May 11 – May 24, 2017
On The Dock This Issue:
Young African Professionals Network
Metropolitan DC has the second largest African-born population says the U.S. Census Bureau with about 161,000 African born people. Metro New York is number one with 212,000.
Future Of Wealth Summit Drove Its Point Home
By Wayne A. Young
One of the most popular highlights of the Future of Wealth Summit in Washington, DC was its Inclusion Revolution Innovation Competition. Testify Software Solutions representatives Femi Adebogun and Zack Tasker, both 17, took home $10,000 as the competition’s winner.
Testify, a team of about nine, ages 17 to 40, created Mindmap
. The software is a game students play as their responses are tabulated separately to reveal to their teachers many things about them including how they best learn.
The competition awards the $10,000 prize to innovators who develop products, services, programs, or policies that help make the application of technology, big data, and/or the operation of the tech sector more inclusive and economically or socially beneficial to marginalized communities. JPMorgan Chase & Co. sponsored the competition.
During Adebogun’s presentation, he shared that he has been to six schools since coming to America from Nigeria. Schools in underrepresented communities are so different from those serving the “upper crust," the Chief Executive Officer of Testify observed. He and Tasker, the company’s Chief Marketing Officer, attend Franklin High School in Reisterstown, Maryland, just outside of Baltimore.
The three day conference also included panel discussions including one hosted by Star Jones and featured “Grey’s Anatomy” star Jesse Williams. Williams is also one of the minds behind Ebroji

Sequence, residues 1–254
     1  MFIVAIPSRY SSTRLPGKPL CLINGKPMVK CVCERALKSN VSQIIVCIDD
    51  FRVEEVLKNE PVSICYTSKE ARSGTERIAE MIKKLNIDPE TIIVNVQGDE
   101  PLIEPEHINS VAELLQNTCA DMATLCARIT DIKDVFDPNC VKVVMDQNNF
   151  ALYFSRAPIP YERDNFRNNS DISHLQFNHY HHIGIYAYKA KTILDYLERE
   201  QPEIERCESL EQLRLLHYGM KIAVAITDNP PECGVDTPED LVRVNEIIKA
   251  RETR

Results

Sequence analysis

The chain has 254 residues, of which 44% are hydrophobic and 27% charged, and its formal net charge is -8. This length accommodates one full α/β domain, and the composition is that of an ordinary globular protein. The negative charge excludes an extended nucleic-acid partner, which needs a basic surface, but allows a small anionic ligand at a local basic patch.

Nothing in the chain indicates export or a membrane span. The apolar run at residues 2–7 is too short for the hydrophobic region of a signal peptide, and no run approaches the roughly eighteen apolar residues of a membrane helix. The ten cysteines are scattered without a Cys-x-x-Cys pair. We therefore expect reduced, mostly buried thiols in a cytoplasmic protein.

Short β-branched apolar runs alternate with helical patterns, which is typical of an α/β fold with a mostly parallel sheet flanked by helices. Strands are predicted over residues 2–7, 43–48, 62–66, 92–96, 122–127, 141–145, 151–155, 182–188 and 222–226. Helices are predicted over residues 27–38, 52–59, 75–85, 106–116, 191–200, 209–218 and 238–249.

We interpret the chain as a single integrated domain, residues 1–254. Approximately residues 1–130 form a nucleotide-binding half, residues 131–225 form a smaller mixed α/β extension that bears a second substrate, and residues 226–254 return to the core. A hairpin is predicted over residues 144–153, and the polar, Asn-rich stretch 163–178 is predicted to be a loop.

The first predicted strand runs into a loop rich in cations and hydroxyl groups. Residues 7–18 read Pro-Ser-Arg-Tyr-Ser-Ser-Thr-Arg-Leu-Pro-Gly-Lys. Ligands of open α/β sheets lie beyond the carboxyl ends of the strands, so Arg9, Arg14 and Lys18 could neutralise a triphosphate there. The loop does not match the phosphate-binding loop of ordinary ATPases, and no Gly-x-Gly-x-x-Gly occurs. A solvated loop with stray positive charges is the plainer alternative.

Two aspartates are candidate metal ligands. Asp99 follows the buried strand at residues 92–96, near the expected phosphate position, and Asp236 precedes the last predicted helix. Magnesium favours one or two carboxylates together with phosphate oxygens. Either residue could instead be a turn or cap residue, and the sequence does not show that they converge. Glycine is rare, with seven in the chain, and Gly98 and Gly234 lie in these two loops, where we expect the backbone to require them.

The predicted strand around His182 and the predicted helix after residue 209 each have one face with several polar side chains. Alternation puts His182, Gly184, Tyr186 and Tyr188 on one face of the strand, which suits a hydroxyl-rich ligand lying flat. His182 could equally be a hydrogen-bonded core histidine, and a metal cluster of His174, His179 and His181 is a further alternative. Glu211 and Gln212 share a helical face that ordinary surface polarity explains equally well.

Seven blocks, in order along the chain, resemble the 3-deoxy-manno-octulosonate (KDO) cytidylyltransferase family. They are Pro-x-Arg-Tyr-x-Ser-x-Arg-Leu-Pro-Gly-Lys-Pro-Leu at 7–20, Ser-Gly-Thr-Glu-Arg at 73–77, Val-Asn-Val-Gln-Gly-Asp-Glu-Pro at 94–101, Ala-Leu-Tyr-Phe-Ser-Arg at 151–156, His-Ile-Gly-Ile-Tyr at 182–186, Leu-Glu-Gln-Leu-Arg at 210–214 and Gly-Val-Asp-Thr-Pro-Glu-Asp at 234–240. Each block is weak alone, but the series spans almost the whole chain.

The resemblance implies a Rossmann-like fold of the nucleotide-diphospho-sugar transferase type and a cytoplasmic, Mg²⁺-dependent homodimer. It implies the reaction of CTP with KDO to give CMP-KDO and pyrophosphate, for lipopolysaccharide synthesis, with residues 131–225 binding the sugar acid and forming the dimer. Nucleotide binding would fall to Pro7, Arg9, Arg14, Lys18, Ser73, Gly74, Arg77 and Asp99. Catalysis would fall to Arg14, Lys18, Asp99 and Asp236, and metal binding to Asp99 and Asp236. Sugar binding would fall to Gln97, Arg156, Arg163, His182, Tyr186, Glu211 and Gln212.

, an app that stocks contemporary Black and multi-cultural emojis.
The annual three day event broadly focuses on the racial wealth gap in America and inclusion
The annual three day event, which broadly focuses on the racial wealth gap in America and inclusion, screened “Against All Odds: The Fight for a Black Middle Class
.” The documentary by acclaimed journalist Bob Herbert chronicles efforts by Blacks to gain and maintain wealth despite unrelenting barriers. Afterwards, Representative Elijah Cummings (D-Baltimore, MD) spoke of the newly birthed fight. “We are going through a storm and this one can be destructive,” he warned.
During one of the lunch talks, representative Gregory Meeks (D-Jamaica Queens, NY) said about 34 percent of his constituents still rely on alternative banking services such as expensive cash checking services, despite laws enacted to expand cost-effective financial services to more Americans. He warned of 45s attempt to roll back such laws. “We are on the defense and need to keep him from hurting people.”
Recent data show that for every $1 of wealth in White households, Hispanic own $.07 and Blacks own barely a nickel or $.05. Income is the amount you earn in any given time period. Wealth in the value of what you own, after all debts are paid.